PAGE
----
How to Finish Vinyl Fabric Edges

You have finished sewing your cosmetic pouch, bag, or sofa upholstery. Finally! Everything looks superb outside as you envisioned. But wait. It may be tempting to leave the raw edges inside, particularly if you’re scruffy or short of time.

Yes, the vinyl fabric usually doesn’t fray. And finishing the edges is hardly done. However, it makes a huge difference between a homemade and couture design. It gives the edge of your vinyl fabric a more professional and cleaner appearance. But most importantly, it sorts out the seam allowances and toughens the seam line.

How to get started? Take some inspiration below and try for yourself!

How to Finish Vinyl Fabric Edges?

You have three options: a typical sewing machine, a serger machine, or by hand. Finishing the edges is done either separately or together through a machine. It creates a strong edge finish. So, you have varied options. Whether you do the bound edge, zigzag, fringed, or pinking, you can also use a special machine, like a serger. Mostly ideal if you prefer a clean and hasty finish.

4 Easy Ways to Finish the Edge of Your Vinyl Fabric

Finishing edges is a common dilemma that both beginners and experienced sewers deal with. You spend tons of hours making a purse or garment. However, you want to ensure a durable edge for longer-lasting use.

Worry not. I’ve covered some of the easiest and best ways to finish edges to your garments or accessories.

1. Zigzag

It is carried out through the machine’s zigzag stitch function. It helps to tidy up the entire design besides preventing raw edges from potential fraying. Its ease of use makes it a simple alternative to an overlocked machine. The zigzag finish is not equally durable as a serged seam. Though, it is one of the quickest finishing methods you can try without the serger.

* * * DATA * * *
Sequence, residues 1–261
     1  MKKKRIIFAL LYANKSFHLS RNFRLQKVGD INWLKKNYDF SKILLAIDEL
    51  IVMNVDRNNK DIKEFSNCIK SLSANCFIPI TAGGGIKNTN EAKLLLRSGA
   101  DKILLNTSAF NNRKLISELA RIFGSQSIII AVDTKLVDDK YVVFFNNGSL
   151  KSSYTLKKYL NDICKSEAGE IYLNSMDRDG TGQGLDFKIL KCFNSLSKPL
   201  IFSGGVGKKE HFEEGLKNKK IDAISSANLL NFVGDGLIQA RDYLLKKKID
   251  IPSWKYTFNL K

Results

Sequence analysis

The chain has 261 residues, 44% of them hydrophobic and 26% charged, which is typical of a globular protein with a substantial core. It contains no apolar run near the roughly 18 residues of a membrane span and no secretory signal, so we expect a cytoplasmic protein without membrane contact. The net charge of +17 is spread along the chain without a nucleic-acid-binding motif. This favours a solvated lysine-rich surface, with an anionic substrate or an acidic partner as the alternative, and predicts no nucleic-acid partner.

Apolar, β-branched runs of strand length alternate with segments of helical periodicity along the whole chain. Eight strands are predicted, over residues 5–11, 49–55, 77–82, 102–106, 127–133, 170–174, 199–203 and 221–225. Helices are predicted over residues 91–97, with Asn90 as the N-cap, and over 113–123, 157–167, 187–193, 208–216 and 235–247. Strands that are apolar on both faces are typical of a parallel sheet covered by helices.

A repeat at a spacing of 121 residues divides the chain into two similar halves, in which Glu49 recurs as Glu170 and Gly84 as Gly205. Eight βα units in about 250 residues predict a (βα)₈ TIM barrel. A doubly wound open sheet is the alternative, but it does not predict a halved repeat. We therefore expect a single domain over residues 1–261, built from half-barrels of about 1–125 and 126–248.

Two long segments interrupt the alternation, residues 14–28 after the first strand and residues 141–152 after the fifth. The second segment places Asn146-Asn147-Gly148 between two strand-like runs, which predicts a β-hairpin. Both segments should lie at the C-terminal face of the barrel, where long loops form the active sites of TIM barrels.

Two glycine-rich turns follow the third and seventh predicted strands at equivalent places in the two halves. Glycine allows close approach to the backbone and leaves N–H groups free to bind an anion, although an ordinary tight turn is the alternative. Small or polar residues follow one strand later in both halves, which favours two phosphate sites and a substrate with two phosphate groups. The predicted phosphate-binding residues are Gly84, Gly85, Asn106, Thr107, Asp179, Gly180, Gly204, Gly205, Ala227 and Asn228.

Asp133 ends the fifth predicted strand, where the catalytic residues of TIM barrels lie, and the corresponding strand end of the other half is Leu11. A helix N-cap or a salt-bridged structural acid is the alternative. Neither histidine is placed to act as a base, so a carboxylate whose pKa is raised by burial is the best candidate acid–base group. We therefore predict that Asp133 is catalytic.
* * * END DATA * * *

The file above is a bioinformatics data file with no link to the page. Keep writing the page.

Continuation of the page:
Step 1: Run a zigzag stitch alongside the raw fabric edge. Do this when you have stitched the seam together.

Step 2: Now, iron extra seam allowance to the back of the garment or accessory you’re sewing. The simplest way is to iron the seam on the garment’s face.

Step 3: Choose either to stitch separately or as one depending on your project.

Easy-peasy! Any normal sewing machine can help you achieve a lovely zigzag edge finish. It’s also ideal for creating decorative stitches. It looks good not only on vinyl but also on other fabrics. That’s because it doesn’t produce a huge seam. And since vinyl is tacky or sticky, you should use a non-stick foot version.

2. Bound Edge

Another rewarding method to finish off your sewing project is through high-quality binding. Bound edge is used in several outdoor and indoor upholstery and sewing projects. When executed properly, you will have a professional, neat look to work with finished edges. No matter how crimped the application or intricate the shapes are.

Step 1: Once you sew the seam together, unfold the binding. Align the edges accurately to the fabric raw edge.

Step 2: Pin in a parallel course to keep the material and bind together.

Step 3: Close the fold of the binding above the edges. It will seal it off.

Step 4: For regular sewing, you can opt to iron the fold down. Ensure to place some pins, so the fold does not move.

Step 5: Sew a straight stitch above the binding near enough the fold line’s edge as possible. Do this on a side where the fold is exposed and not yet sewed to the fabric material.

Step 6: Iron on the seam face side.

The bound seam is an expensive finish, unfortunately. You can make your own with a pre-cut fabric band. However, you can also purchase from a local store. It is available in different widths – from 1/4 inch to 3/4 inch. A 1/2 inch wide double folded binding may work for vinyl fabrics.

The binding you intend to buy must have the same color as your fabric. But if you feel like being more adventurous, choose a contrasting color instead.

3. Pinking

The edge finish is made with good quality pinking shears. It is a special type of scissor that creates a zigzag design on the cut edge. Thanks to its sawtooth blades. It helps to prevent wearing while keeping your garment looking spotless and crisp.